Now, Gregory Garcia just has to make sure the nation's telecommunications systems and computer networks don't get taken down by either natural or man-made disasters.


One of Garcia's top priorities for 2007 is to use his position as a bully pulpit.
'I want to help develop a well-informed public at both the enterprise level and individual consumer level,' Garcia said. 'It's a matter of getting out and talking. Doing a lot of talking.'


Garcia will work with the Office of Management and Budget this year to 'raise the bar for federal agencies' on implementing sound security practices.


But his responsibilities extend beyond government cybersecurity. Garcia also will try to build a public-private partnership that will let government and industry coordinate incident responses in the face of an attack or disaster. He also will establish a new national office of emergency communications.


'[The office] is dedicated to emergency and interoperable communications; that is an added bonus to my portfolio,' he said.





Kevin Messner, associate administrator in GSA's Office of Congressional and Intergovernmental Affairs and Governmentwide Policy


Impact in '07: With the GSA administrator's decision to combine the Office of Governmentwide Policy with the Congressional and Intergovernmental Affairs Office late last month, Messner walks into a new role in shaping how GSA supports e-government and the Lines of Business. He said the goal is to make GSA work better by intertwining policy, legislation and regulations.


'Strong communications along the entire line of legislation, regulations and policy is very important,' said Messner, a political appointee and a former Capitol Hill chief of staff who has mechanical engineering and international management degrees. 'GSA is uniquely situated to affect government in many aspects because legislation feeds regulations, which feeds policies, and the feedback among the three needs to continually happen.'


But some observers think GSA merged the offices to have a political appointee act as a buffer with the Office of Management and Budget's IT and E-Government office.


For many years, OMB has used OGP as its operational arm to move initiatives forward, but GSA administrator Lurita Doan isn't happy with that role.


'The idea around the merger was focused on the One GSA policy that Doan is pushing,' said a senior IT manager, who requested anonymity. 'OGP was founded on objectivity, but there will be more of a conflict with the merger.'


Larry Allen, executive vice president of the Coalition for Government Procurement, an industry association in Washington, said Messner's biggest challenge is to ensure agencies and vendors understand OGP's role in and out of GSA.


Neil Fox, a former GSA procurement official, agreed with Allen's assessment, and added that a lot of OGP's work over the last year moved to the Federal Acquisition Service so Messner must clearly define the new office's role.





Air Force Lt. Gen. Robert Elder Jr., commander, Air Force Cyberspace Command


Impact in '07: Cyberspace is the new frontier in warfare, and Lt. Gen. Bob Elder is the sheriff who will lead the posse.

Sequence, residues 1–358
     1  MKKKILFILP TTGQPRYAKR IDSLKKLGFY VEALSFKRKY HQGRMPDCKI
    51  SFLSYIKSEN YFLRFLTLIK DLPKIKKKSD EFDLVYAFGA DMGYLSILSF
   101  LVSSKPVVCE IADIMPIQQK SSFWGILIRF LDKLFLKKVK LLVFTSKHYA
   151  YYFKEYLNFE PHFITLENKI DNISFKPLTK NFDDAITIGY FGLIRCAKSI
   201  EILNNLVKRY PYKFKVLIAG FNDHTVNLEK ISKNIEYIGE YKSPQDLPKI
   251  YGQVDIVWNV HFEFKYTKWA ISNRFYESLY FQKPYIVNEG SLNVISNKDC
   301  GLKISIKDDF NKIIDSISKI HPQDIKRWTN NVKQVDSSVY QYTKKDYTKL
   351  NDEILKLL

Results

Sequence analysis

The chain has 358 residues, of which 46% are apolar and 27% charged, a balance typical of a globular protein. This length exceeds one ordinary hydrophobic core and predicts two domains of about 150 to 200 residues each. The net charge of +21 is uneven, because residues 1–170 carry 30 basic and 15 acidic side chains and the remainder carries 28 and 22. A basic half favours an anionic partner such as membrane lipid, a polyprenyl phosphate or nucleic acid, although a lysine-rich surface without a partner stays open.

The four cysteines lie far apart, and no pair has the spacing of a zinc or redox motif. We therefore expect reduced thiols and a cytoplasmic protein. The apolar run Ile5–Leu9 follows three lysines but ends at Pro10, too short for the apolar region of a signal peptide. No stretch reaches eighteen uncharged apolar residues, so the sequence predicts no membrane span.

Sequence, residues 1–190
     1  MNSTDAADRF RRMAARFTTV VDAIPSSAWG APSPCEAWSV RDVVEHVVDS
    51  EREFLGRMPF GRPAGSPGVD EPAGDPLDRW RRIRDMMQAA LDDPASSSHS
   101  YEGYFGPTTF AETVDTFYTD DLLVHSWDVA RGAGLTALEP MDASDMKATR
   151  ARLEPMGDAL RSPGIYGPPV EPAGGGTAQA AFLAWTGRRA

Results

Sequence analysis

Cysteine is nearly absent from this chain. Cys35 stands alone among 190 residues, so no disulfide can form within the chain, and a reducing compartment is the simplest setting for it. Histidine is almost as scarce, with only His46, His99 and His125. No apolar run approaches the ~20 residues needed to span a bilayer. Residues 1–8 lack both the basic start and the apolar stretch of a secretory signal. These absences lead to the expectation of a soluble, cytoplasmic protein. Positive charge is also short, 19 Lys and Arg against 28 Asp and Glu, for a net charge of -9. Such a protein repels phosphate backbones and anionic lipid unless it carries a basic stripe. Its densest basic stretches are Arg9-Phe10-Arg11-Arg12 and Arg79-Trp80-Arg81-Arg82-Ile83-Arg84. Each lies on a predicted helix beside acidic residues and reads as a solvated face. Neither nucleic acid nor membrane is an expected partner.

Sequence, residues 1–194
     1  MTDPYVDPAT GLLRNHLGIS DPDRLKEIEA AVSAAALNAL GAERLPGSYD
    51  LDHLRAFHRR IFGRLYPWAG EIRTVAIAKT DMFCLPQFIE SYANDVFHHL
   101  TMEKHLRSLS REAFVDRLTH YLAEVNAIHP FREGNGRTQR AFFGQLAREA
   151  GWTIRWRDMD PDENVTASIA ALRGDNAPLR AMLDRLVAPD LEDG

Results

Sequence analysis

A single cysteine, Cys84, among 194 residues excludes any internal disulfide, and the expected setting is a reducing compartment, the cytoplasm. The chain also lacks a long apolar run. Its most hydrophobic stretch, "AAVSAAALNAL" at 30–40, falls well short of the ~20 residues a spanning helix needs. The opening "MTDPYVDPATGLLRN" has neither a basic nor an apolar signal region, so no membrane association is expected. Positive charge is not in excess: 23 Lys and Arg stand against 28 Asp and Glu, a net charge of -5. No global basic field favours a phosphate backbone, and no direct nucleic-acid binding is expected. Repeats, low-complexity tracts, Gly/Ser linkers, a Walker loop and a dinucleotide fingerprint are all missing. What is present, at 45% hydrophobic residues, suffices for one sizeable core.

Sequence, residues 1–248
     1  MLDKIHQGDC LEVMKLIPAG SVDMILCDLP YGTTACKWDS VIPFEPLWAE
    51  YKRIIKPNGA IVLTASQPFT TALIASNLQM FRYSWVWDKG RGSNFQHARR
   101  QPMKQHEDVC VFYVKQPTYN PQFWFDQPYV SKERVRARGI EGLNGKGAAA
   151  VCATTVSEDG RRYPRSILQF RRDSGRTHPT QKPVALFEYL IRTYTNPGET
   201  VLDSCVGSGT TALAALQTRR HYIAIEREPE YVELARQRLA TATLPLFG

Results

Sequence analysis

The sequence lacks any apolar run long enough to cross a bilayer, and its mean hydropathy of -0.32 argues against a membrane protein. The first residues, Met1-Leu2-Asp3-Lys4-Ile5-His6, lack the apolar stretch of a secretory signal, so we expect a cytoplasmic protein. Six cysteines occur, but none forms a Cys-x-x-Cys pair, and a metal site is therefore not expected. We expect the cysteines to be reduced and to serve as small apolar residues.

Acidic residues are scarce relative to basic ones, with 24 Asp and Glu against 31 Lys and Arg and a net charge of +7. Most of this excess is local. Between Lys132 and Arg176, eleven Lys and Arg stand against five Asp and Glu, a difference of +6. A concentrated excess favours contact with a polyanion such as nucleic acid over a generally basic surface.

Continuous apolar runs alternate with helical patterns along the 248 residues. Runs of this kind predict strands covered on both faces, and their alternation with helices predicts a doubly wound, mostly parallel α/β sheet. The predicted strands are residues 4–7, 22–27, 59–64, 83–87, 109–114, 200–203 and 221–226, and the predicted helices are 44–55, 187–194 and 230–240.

Already the commander of the 8th Air Force, based at Barksdale Air Force Base, La., and joint functional component commander for global strike and integration for U.S. Strategic Command, Elder now is the nation's first cybergeneral.


'Our first priority is to establish cyberspace as a warfighting domain characterized by the use of electronics and the electromagnetic spectrum,' Elder said. 'The Air Force now recognizes that cyberspace ops is a potential center of gravity for the United States and, much like air and space superiority, cyberspace superiority is a prerequisite for effective operations in all warfighting domains.'


How Elder goes about building the military's capability to wage offensive war in cyberspace is what will be answered over the next 12 months.


The evidence has been increasing in recent months that nation-states such as China, North Korea, Iran and other countries hostile to the United States are probably funding, if not actually carrying out, many of the millions of probes of DOD systems launched each day.


'We are already at war in cyberspace,' said Lani Kass, director of the Air Force's cyberspace task force, when Elder was appointed. 'Having a [commander] there that thinks about this issue exclusively, focuses not only his organizational capabilities but his mind as a warfighter, he can not only respond to the threat of today, ... he can plan and think about the fight we are going to be in tomorrow and the day after tomorrow and 20 years out.'






Robert Howard, CIO of Veterans Affairs Department


Impact in '07: Veterans Affairs Department CIO Robert Howard will be in the spotlight this year for how well he delivers on pledges to make VA a model for IT security. He stepped into his position just as VA was pilloried in congressional hearings for gaping holes in data security and lack of enforcement following the theft of a VA notebook PC containing the personal data of 26 million veterans.


The data breaches ended up being a catalyst for overhauling VA's IT environment. VA secretary James Nicholson directed that the department CIO assume authority for IT management, operations and application development from the health, benefits and burial administrations. Howard also gained enforcement authority over IT security.


Nicholson's actions to centralize VA's IT authority could establish a model for other large, decentralized agencies, according to the former chairman and now ranking member of the House Veterans' Affairs Committee, Steve Buyer (R-Ind.). But Howard must do the heavy lifting to make it happen.


'We do need one thing, and that's time, and we don't have that,' Howard said.
This year, Howard will move applications development personnel under his authority and complete more activities from its Data Security Assessment and Controls program to implement VA data security controls, resolve IT material weaknesses and create an environment of vigilance, he said.


He hopes to use the example of VA's transformation of health care into the gold standard for data security.


At the same time, Howard will advance plans for the development of HealtheVetVistA, VA's modernized version of its electronic health record, and its Financial and Logistics Integrated Technology Enterprise, its financial management program to replace the failed CoreFLS system.